Friday, November 07, 2008

Liberaltarians and Inequality

I attended an interesting panel discussion a couple of weeks ago, titled "Liberals and Libertarians: Common Ground or Separate Agendas?" Reason magazine has a good write-up of the discussion here. I especially enjoyed hearing from blog-famous Jacob T. Levy and Will Wilkinson, the latter of whom discussed what he calls the leftist's "Inequality Road to Serfdom" argument:
According to IRS, the wealthy convert their economic resources into political resources deployed to protect their advantages. Past a certain threshold of inequality, the gap in political resources is so vast that the wealthy–by means of insidious think tanks and the Republican Party–basically capture the democratic process and effectively disenfranchise the rest of the population, leaving us with a de facto oligarchy hiding inside a meaningless husk of democratic forms. Serfdom!

Will pointed out that the empirical premise here seems questionable. Plenty of rich people vote Democrat, precisely because they are so materially secure that they prioritize their (typically socially liberal) values instead.

[This doesn't touch on the more serious problem of post-election corruption / regulatory capture. But there I guess the problem is not inequality per se, but the way that flows of money shape the legislative process. So the solution is to reform the political process, not limit wealth inequalities.]

We should of course provide a 'safety net' (e.g. a basic income guarantee). But I don't see such a need for a wealth ceiling.

2 comments:

  1. Did Will give any numbers to support his claim? A couple of minutes of googling suggests that he's wrong.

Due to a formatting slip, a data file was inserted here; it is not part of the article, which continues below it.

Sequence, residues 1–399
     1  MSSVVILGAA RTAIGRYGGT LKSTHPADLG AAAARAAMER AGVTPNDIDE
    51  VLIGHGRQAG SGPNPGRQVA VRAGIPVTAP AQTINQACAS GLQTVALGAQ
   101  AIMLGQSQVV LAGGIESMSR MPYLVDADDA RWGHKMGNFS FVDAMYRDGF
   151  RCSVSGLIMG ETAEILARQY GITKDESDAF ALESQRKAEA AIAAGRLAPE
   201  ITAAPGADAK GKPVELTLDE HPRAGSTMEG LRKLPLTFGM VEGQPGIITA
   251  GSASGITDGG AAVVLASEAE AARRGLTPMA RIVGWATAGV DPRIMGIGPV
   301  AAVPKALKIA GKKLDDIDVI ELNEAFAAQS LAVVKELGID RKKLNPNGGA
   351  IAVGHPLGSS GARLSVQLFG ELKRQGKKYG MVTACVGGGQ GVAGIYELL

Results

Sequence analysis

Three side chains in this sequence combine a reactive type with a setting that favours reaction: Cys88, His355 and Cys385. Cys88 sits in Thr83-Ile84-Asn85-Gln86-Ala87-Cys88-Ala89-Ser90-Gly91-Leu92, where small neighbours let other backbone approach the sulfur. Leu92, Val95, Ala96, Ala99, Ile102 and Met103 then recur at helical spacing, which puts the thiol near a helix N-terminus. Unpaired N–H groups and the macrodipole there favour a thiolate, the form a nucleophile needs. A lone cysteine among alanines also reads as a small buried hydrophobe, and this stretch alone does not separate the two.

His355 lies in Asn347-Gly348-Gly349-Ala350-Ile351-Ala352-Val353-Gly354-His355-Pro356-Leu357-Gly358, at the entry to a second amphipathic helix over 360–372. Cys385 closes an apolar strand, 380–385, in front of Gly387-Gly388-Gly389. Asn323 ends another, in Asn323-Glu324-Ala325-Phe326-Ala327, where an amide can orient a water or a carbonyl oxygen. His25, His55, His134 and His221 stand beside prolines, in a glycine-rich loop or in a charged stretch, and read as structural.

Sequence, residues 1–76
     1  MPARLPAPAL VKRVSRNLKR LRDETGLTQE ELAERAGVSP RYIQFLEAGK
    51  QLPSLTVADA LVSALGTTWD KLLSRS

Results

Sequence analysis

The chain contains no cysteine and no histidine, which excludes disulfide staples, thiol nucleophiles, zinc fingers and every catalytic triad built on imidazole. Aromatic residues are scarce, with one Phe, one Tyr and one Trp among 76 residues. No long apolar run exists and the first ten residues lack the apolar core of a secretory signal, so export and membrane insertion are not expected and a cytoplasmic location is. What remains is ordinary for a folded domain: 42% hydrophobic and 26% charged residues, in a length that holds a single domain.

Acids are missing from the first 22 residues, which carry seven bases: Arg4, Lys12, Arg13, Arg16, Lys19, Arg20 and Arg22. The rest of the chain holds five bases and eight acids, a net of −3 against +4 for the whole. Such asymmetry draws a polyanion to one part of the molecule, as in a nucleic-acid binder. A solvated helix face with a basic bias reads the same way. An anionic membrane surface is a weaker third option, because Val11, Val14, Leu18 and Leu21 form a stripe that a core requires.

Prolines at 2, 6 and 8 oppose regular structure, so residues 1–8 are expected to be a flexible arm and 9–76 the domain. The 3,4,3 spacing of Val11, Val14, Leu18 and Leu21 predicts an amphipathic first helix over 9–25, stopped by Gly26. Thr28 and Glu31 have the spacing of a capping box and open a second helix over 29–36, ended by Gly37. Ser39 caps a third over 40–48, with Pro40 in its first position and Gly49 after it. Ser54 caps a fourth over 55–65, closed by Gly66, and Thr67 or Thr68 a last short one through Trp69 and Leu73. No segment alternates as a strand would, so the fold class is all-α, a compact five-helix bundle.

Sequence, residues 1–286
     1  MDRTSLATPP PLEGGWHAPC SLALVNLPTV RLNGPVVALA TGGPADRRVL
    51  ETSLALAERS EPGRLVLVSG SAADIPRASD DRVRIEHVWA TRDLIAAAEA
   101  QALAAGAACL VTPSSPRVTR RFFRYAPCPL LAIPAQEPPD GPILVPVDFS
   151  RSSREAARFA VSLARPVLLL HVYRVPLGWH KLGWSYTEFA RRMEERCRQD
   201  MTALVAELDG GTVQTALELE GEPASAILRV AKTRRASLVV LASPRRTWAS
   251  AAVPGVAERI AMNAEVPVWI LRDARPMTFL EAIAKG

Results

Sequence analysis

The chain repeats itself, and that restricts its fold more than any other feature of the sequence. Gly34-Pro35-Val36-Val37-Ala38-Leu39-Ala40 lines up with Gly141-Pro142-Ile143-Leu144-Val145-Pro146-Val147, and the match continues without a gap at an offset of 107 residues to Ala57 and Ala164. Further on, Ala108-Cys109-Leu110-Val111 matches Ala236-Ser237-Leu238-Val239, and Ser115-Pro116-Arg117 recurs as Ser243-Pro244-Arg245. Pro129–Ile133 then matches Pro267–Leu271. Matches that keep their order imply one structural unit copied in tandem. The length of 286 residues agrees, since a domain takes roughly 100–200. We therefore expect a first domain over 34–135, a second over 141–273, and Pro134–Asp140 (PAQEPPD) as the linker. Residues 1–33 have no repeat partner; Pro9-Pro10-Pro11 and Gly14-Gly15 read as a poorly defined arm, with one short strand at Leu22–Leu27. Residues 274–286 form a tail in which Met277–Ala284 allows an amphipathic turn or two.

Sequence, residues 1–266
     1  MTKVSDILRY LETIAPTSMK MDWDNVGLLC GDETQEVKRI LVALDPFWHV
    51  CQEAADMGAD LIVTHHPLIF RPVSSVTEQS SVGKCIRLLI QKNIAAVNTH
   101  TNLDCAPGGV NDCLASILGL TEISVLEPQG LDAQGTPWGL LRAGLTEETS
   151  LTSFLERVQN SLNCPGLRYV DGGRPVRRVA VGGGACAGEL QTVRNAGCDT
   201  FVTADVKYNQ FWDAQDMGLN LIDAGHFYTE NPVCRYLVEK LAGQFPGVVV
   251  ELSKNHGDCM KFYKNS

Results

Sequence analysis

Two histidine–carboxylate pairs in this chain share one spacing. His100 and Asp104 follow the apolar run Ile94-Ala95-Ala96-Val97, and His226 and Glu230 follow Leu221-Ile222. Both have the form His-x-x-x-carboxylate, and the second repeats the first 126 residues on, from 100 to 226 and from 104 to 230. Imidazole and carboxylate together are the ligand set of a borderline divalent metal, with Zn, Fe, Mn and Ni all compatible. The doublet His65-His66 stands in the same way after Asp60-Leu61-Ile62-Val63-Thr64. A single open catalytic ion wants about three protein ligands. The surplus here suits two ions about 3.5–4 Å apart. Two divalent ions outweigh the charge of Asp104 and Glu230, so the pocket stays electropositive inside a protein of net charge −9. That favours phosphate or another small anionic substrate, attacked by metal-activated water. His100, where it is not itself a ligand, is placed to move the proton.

For instance:
    http://www.opensecrets.org/pres08/donordems.php?sortby=X

    I'm a little lost on the precise details on that page (are the dollar amounts the minimum such people donated, or the maximum?), but the general message is clear: The lowest sized donations made up around half of Obama's intake, against a third of McCain's, and the largest sized donations made up around a tenth of Obama's intake, against nearly a fifth of McCain's. That seems to support the view that McCain is supported by fewer but far richer people than Obama.

    Those numbers are for individuals. I assume that matters will be worse still for Will's view if I could find some numbers on corporate donations. Likewise for think tank funding.

    As I say, this was from a couple of minutes of searching, so perhaps I'm missing something.

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  2. The ratios are misleading because Obama raised so much more (i.e. from everyone). If you look at the raw frequency values on that page, you see Obama had twice as many 'maxed out' donors as McCain.

    Will recently linked to this wsj report, but I don't recall what (if any) empirics were included in his talk.

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